The more strained an interpretation is, the more clearly I think you can see the issues with the “living document” view of the Constitution.
Certainly it needs to be interpreted, and there are lots of situations that never existed in 1787 that need to be dealt with. And I no more think the Second Amendment applies only to muskets and citizen militias than I think the First applies only to hand-operated printing presses.
But I shouldn’t need an expert to explain what the founding documents of my political system actually say, or it is going to be correspondingly harder for me to feel much sense of connection to it.
You can’t get a change that’s much more radical than going from separate but equal (Plessy vs. Ferguson) to forced integration (Brown vs. Board of Education) without the benefit of an amendment.
Or how about the belief that a constitutional amendment was required to prohibit alcohol in 1919, but the idea that no amendment is necessary to prohibit “controlled substances” (i.e. drugs) by the 1930’s.
One set of fixed words should not be able to have two nearly opposite meanings over time. Original intent is a difficult animal because, as someone noted above, in the legislative process there are many opinions rather than a single “intent.” But a broad view of the concensus of opinion of the drafters should be used to prevent a constitutional phrase from being turned on its head by subsequent generations.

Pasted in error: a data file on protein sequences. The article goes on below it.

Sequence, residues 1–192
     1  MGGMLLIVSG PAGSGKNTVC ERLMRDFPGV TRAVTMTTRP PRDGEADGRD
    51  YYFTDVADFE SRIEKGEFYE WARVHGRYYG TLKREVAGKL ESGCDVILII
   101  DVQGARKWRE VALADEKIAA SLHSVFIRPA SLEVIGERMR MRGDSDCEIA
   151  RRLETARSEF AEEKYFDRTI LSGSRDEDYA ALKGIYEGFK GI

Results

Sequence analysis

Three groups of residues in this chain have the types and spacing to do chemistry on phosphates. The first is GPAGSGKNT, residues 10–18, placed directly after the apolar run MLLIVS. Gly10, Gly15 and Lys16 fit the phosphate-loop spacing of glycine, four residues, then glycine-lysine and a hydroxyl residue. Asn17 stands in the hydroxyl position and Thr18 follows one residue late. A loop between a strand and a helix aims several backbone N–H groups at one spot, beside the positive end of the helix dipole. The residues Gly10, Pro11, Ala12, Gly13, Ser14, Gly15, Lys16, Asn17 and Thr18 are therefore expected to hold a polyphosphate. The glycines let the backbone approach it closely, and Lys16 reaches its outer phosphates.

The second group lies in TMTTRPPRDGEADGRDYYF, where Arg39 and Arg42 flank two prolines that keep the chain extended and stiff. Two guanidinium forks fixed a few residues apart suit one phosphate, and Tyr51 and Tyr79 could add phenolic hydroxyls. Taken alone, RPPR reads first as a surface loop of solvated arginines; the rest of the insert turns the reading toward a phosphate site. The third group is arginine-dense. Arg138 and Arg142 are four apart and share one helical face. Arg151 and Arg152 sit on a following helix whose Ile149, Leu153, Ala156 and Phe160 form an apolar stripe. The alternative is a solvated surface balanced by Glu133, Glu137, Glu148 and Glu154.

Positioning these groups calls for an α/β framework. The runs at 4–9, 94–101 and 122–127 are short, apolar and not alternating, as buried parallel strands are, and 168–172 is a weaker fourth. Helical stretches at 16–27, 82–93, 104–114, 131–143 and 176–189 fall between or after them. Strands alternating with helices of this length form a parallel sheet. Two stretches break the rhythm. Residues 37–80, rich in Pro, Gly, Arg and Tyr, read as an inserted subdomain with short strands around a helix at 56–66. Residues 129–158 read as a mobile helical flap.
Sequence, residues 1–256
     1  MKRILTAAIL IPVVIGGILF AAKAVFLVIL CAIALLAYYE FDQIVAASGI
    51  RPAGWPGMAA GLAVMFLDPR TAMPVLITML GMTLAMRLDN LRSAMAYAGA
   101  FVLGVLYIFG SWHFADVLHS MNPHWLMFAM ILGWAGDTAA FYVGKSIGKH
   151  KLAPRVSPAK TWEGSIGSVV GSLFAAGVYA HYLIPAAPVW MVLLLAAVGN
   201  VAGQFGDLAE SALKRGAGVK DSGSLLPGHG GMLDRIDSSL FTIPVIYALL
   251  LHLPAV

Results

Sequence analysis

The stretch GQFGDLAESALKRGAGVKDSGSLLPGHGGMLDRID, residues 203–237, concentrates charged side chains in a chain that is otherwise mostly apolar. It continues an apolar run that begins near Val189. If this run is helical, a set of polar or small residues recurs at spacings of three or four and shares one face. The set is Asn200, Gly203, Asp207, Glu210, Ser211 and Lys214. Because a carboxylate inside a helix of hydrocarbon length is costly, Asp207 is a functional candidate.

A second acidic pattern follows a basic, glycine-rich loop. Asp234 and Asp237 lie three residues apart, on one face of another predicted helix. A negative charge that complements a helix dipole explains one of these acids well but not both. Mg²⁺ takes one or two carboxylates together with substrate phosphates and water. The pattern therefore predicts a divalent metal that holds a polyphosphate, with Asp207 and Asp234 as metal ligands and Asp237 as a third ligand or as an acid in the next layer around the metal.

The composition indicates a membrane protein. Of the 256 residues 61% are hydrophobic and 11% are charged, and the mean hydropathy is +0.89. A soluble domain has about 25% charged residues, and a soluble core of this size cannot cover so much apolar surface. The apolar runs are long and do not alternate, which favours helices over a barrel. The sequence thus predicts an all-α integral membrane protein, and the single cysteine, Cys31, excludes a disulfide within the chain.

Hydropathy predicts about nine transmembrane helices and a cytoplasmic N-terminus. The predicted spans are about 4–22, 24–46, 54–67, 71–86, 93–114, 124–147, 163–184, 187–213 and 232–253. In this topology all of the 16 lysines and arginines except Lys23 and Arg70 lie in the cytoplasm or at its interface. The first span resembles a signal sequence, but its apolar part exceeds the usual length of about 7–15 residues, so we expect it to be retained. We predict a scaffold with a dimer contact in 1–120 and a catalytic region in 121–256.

But this argument presupposes that the “Framers” intent (as you define them) has more worth than the delegates to the Convention’s intent. And that argument is flawed. The Framers had no more authority than the rest of the Convention, and to rely on the interpretations of a small minority of them as representing the interpretations of the whole is unsupportable. There is no evidence, for example, that the authors of the Federalist Papers, or the delegates who wrote other pro-Constitution propaganda, are fairly representative of the views of the delegates, indeed, it appears that they were largely of the wing that favored stronger central government.
But this would substitute the Supreme Court’s intent with the intent of a small number of delegates, who may themselves be running roughshod of the intent of the majority of the delegates. We just don’t know the answer to that question.
The Federalist Papers and the like are fine to use if the Court is seeking wisdom. The Framers were smart guys who thought long and hard about the issues of governance. But they should not be used to seek direction.
Strings of words are not subject to “proof” in the manner of mathematical equations. We’re always gonna be dealing with questions of interpretation.